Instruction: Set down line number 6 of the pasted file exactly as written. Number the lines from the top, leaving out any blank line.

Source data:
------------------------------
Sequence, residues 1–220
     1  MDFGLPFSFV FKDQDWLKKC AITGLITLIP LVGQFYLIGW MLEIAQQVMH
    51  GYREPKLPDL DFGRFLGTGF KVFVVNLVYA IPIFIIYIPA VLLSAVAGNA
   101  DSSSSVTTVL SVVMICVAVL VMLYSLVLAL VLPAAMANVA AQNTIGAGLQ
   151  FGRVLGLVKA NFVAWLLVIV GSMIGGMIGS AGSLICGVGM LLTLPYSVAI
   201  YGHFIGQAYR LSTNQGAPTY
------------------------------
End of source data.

   201  YGHFIGQAYR LSTNQGAPTY